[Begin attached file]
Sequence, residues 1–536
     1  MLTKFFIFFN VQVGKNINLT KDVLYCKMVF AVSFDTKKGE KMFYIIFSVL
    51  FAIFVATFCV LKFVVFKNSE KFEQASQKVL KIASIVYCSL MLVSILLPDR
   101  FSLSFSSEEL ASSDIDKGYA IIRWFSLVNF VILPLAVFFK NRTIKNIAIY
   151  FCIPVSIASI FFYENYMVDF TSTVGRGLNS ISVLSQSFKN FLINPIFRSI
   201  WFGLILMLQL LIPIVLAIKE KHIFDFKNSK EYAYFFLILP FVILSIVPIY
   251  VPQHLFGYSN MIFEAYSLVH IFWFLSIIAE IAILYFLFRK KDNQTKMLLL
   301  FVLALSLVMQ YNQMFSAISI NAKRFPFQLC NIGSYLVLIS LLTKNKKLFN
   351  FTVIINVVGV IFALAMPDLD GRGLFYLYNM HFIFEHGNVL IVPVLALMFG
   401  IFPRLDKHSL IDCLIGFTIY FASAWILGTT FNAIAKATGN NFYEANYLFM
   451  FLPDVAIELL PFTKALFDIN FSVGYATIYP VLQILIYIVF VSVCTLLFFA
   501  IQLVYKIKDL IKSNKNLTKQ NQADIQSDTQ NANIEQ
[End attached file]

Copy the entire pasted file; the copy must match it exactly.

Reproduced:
Sequence, residues 1–536
     1  MLTKFFIFFN VQVGKNINLT KDVLYCKMVF AVSFDTKKGE KMFYIIFSVL
    51  FAIFVATFCV LKFVVFKNSE KFEQASQKVL KIASIVYCSL MLVSILLPDR
   101  FSLSFSSEEL ASSDIDKGYA IIRWFSLVNF VILPLAVFFK NRTIKNIAIY
   151  FCIPVSIASI FFYENYMVDF TSTVGRGLNS ISVLSQSFKN FLINPIFRSI
   201  WFGLILMLQL LIPIVLAIKE KHIFDFKNSK EYAYFFLILP FVILSIVPIY
   251  VPQHLFGYSN MIFEAYSLVH IFWFLSIIAE IAILYFLFRK KDNQTKMLLL
   301  FVLALSLVMQ YNQMFSAISI NAKRFPFQLC NIGSYLVLIS LLTKNKKLFN
   351  FTVIINVVGV IFALAMPDLD GRGLFYLYNM HFIFEHGNVL IVPVLALMFG
   401  IFPRLDKHSL IDCLIGFTIY FASAWILGTT FNAIAKATGN NFYEANYLFM
   451  FLPDVAIELL PFTKALFDIN FSVGYATIYP VLQILIYIVF VSVCTLLFFA
   501  IQLVYKIKDL IKSNKNLTKQ NQADIQSDTQ NANIEQ